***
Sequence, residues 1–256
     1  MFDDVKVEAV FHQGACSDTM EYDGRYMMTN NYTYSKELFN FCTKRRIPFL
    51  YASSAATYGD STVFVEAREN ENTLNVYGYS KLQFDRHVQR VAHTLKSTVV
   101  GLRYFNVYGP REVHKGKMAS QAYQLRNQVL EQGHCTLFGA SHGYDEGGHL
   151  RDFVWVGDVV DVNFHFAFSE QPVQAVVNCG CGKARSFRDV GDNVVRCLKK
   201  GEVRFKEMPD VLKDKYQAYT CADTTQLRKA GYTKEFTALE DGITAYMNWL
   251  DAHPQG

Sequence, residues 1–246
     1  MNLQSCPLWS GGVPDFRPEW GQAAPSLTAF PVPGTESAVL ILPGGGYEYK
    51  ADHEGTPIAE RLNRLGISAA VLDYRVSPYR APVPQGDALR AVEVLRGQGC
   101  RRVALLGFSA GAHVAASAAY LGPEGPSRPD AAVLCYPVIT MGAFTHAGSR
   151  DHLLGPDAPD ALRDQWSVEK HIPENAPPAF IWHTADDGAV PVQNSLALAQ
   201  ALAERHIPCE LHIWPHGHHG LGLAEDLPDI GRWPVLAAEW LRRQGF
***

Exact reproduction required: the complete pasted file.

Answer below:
Sequence, residues 1–256
     1  MFDDVKVEAV FHQGACSDTM EYDGRYMMTN NYTYSKELFN FCTKRRIPFL
    51  YASSAATYGD STVFVEAREN ENTLNVYGYS KLQFDRHVQR VAHTLKSTVV
   101  GLRYFNVYGP REVHKGKMAS QAYQLRNQVL EQGHCTLFGA SHGYDEGGHL
   151  RDFVWVGDVV DVNFHFAFSE QPVQAVVNCG CGKARSFRDV GDNVVRCLKK
   201  GEVRFKEMPD VLKDKYQAYT CADTTQLRKA GYTKEFTALE DGITAYMNWL
   251  DAHPQG

Sequence, residues 1–246
     1  MNLQSCPLWS GGVPDFRPEW GQAAPSLTAF PVPGTESAVL ILPGGGYEYK
    51  ADHEGTPIAE RLNRLGISAA VLDYRVSPYR APVPQGDALR AVEVLRGQGC
   101  RRVALLGFSA GAHVAASAAY LGPEGPSRPD AAVLCYPVIT MGAFTHAGSR
   151  DHLLGPDAPD ALRDQWSVEK HIPENAPPAF IWHTADDGAV PVQNSLALAQ
   201  ALAERHIPCE LHIWPHGHHG LGLAEDLPDI GRWPVLAAEW LRRQGF